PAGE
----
Tuesday, 21 April 2009

a Cambodian Picnic - part one

am sitting here trying to think about how to (or where to) start on this 'posting' to my blog.

It was such a full day of doing and seeing different things that it is difficult to know where to actually start.....maybe I should call this "part one" which will describe where we are going and what it is about!

Well the first part of the day was getting up at 4.00am to leave by 5.00 so we could watch the sunrise over Angkor Wat, which you can see on the previous posting.... after that we went back to the hotel for breakfast and for the kitchen staff to put together a picnic hamper for us to take to Koulen Mountain where our destination was to be.

Koulen Mountain locates at Districts of Svay Len and Va Rin in 48-kilometer distance from the provincial town of Siem Reap by Short cut or in 50 Klm distance from the provincial town of Siem Reap via Charles De Gaulle Road.

The hills beyond Banteay Srei Temple were the original home of much of the sandstone which the ancient Khmers used to build Angkor Wat. Blocks of stone were somehow moved to the temple complex, probably using the Siem Reap River.

Successive kings of Angkor built shrines to appease the gods in the hills, and they had dozens of linga carved into the riverbed, in order to thank the gods for allowing them to carry stone from the hills to Angkor. The carvings at Phnom Koulen are remarkably well preserved and, to see them properly, you need to wade in the river. A walk through the forest takes you to Preah Ang Thom, where a reclining Buddha statue lies on top of a huge natural rock (approximately 50 m high).

From the top of this rock, you can enjoy views out over the surrounding forest and plains. You can also visit a few caves with Buddha statues nearby. A short forest walk takes to you a waterfall, with more impressive stone carvings in the riverbed. This is a popular spot for Khmer people to come and picnic at the weekends.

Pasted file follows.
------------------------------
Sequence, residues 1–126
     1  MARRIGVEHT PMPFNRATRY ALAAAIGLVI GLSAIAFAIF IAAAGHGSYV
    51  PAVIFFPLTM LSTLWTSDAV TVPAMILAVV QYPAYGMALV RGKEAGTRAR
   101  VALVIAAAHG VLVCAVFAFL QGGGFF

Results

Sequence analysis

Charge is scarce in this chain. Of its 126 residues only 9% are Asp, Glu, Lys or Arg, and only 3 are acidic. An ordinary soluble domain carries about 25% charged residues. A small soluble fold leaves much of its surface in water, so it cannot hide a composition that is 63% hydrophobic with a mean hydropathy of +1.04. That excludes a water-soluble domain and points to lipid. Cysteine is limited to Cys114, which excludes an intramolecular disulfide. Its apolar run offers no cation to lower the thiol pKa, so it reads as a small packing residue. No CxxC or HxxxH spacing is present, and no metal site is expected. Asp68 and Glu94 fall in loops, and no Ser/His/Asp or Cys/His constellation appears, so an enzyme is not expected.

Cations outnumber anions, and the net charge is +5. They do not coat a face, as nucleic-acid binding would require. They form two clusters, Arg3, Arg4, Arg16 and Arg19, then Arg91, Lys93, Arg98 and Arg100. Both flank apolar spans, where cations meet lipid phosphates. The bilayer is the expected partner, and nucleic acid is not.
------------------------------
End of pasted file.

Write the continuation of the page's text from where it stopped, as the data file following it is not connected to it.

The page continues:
and on a tourist site I noticed this:

Note: Adventurous tourists now visit this site.

that must mean us!!

Though I didn't see the above sign till AFTER I walked on the carvings!

The waters from the spring which feeds the Siem Reap River, wash over the lingas and cascade down to a lovely waterfall. Ancient carvings of Hindu deities and animals dress the stones and hundreds of brightly coloured butterflies complete the scene.

..... and this is why the Cambodian people come here to picnic and lay in the water.... their belief is that the water washes over them and down into the sea bringing them good luck and washing away any troubles.... you will see many photos of them in the water in the next posting as in "part two".

Siva means auspiciousness and linga means a sign or a symbol, Hence the Sivalinga is regarded as a "symbol of the great God of the universe who is all-auspiciousness

after a bit of a 'paddle' in the holy water we took the path thru the jungle to another area where John decided to drink from the water and of course caught a bug.... he has been quite ill for the past three days. We are told constantly to drink only bottled water, but John thought "one mouthful" would not hurt!!
Tread carefully and always stay on the path.
There are still an estimated 1 million landmines in Cambodia
now we start to get our picnic together, though John and I still had ours with us from the hotel, but our driver and guide needed to buy theirs....

There are many stalls around the river and mountain area for people to buy what ever takes their fancy, from fruit .....

to bananas cooked over hot coals on a piece of guttering!

to a FLAT chicken that has been cooked over coals and now held here by Ly Heng our guide...

or perhaps a few dried fish?
or these two slowly baked over the hot coals?
maybe a waffle or two to finish off with?

and we are on our way to find a nice quiet spot for our picnic.....

1 comment:

Tanya said...

John was VERY brave drinking any water here in Cambodia especially rurally considering houses dont have toilets so both numbers (one and two) are done literally anywhere. Public urination (you very rarely see public defecation thank god!)is also popular in both Siem Reap and here in Phnom Penh even though there are public toilets which are pretty clean by LDC public toilet standards! This not really a country to try street food either (which is sad as we are street food people usually) as hands rarely if ever see soap and the food is often cooked at home then transported and reheated. As I said very brave!

It looks like you had a great time here though I have enjoyed reading your blog which I actually found when we lived in Singapore and have rediscovered. I look forward to hearing about your future adventures too.